It’s official: I have practiced a new spiritual discipline for over two weeks!
Not very impressive, I know. But this spiritual discipline has already benefited my spiritual life in so many ways. The practice is known as fixed-hour prayer.
If you are a Baptist like me, you may be completely unfamiliar with fixed-hour prayer. Roman Catholics have been practicing it for centuries. Protestants have used various prayer books such as the Book of Common Prayer. Phyllis Tickle’s series of books, The Divine Hours, are a more modern version of this practice.
What is Fixed-Hour Prayer?
The basic idea is that there are fixed times throughout the day that you use a liturgical resource of some kind to lead you in prayer. This resource guides you through various prayers, Scripture readings and hymns. Some of the most common times are morning, midday (11-2), evening (vespers) and right before bed (compline).
The main reason I have largely ignored this type of practice is because of my theological disagreements with certain traditions who practice this discipline. But after investigating the practice more, I think this type of praying is not only biblically permissible, but biblically based!
Daniel “got down on his knees three times a day and prayed and gave thanks before his God” (Daniel 6:10).
The psalms talk about praying at different times throughout the day and night:
“Evening and morning and at noon I utter my complaint and moan, and he hears my voice” (Psalm 55:17).
“O Lord, in the morning you hear my voice; in the morning I prepare a sacrifice for you and watch” (Psalm 5:3).
“But I, O Lord, cry to you; in the morning my prayer comes before you” (Psalm 88:13).
“When I remember you upon my bed, and meditate on you in the watches of the night” (Psalm 63:6).
“I remember your name in the night, O Lord, and keep your law” (Psalm 119:55).
“By day the Lord commands his steadfast love, and at night his song is with me, a prayer to the God of my life” (Psalm 42:8).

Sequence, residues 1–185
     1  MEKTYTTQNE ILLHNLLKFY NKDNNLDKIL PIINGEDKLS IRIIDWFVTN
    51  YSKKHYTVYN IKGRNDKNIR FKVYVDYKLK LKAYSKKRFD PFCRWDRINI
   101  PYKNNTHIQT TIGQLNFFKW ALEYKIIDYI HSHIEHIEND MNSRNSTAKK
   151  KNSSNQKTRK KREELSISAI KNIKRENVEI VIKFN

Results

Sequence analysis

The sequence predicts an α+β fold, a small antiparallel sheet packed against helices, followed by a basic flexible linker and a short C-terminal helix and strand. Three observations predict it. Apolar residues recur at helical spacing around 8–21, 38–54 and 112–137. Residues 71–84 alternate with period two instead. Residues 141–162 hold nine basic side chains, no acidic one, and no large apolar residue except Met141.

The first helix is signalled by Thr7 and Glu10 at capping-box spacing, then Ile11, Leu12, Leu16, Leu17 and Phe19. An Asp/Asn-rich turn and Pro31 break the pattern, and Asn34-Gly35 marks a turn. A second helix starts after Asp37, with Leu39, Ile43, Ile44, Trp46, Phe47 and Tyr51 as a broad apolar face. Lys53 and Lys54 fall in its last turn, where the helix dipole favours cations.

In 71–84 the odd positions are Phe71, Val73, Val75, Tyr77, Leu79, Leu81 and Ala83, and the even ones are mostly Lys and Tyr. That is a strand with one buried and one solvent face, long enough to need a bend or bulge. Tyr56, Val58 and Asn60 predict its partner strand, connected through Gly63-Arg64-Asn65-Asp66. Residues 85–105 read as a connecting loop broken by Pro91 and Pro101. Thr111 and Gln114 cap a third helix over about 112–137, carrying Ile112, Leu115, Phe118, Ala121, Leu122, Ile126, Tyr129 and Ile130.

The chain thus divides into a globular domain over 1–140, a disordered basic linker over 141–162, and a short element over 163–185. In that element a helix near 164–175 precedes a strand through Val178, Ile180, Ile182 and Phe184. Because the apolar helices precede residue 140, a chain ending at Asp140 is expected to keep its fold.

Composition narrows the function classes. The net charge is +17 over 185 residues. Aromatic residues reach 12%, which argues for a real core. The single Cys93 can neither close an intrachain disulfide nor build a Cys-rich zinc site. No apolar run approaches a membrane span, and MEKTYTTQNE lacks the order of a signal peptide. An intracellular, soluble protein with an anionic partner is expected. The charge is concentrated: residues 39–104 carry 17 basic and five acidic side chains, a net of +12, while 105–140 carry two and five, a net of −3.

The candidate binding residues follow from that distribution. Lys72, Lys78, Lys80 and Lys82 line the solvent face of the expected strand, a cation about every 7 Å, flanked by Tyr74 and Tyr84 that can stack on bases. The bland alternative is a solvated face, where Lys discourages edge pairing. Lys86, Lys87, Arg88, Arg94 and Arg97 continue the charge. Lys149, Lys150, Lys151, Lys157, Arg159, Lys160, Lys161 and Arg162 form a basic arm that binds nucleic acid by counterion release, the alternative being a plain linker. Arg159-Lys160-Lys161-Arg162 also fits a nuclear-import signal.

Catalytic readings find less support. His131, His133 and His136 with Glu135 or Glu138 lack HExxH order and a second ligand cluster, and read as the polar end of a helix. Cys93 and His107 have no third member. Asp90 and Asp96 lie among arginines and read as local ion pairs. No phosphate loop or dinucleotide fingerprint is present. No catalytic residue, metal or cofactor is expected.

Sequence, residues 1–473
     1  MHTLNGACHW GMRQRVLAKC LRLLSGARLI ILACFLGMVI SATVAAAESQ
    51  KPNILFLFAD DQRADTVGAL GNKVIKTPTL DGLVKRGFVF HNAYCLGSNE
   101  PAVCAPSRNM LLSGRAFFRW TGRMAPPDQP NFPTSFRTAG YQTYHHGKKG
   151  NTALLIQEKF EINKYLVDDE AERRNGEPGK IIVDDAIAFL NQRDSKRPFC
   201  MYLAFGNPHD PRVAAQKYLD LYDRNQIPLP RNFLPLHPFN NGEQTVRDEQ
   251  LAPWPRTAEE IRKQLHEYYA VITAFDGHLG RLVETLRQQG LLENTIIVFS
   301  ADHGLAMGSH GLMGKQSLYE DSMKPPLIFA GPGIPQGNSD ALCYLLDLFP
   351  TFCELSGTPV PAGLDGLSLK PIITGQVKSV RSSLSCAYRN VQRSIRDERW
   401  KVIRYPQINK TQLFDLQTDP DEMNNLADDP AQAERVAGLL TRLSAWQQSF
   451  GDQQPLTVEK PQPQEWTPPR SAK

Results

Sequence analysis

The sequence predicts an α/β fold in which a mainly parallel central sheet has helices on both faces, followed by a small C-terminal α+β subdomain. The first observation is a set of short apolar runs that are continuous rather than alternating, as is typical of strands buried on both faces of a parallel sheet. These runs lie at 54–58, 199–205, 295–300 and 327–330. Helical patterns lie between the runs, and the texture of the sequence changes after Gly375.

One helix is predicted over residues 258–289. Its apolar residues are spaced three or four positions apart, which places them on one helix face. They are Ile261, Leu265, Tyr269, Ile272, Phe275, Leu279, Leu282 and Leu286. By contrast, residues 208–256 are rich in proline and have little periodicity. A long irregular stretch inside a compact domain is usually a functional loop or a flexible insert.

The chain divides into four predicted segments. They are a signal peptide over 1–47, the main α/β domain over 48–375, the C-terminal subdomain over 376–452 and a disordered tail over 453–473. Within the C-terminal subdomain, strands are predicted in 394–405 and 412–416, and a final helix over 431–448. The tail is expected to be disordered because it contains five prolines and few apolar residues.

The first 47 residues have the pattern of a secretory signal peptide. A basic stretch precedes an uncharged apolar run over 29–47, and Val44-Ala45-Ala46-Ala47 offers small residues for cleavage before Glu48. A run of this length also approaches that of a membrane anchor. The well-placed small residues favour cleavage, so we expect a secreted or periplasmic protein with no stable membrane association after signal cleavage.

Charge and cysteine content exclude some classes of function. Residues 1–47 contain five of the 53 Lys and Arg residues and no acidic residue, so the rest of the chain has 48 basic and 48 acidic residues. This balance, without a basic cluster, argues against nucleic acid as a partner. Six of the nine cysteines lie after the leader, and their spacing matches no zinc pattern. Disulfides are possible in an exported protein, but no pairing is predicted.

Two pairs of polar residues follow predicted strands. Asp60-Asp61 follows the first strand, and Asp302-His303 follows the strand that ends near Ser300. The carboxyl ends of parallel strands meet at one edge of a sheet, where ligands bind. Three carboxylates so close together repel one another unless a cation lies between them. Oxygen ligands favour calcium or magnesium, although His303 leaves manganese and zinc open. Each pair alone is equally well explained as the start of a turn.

“Seven times a day I praise you for your righteous rules” (Psalm 119:164).
Interestingly enough, Luke mentions an “hour of prayer” in Acts 3:1:
“Now Peter and John were going up to the temple at the hour of prayer, the ninth hour.”
Even if these passages were not in the Bible, this discipline is a practical way to help us “pray without ceasing.”
Putting It Into Practice
Now, there are some possible dangers here. Prayer is not about saying certain “incantations” to get God to do what we want. Jesus also warns us against using “vain repetitions” in our prayers. We must avoid mindlessly repeating something over and over again or thinking that the “magic” words can coerce God to do something.
Each of these resources provides prayers, hymns, and Scripture readings for morning, midday, evening and late evening. All you do is open them at the right time of day and read, pray and respond to the selected material. Usually the prayers ground me in the present moment and allow me to go deeper into communion with God.
I can honestly say that this discipline has helped me to pray more consistently throughout the day than any other practice. Even when I don’t feel like praying, I can still open the app or the book and say a quick prayer or read a Psalm. In my mind, anything is better than nothing!
What about you? Have you tried fixed-hour prayer before? Any resources you would recommend? Let me know your thoughts!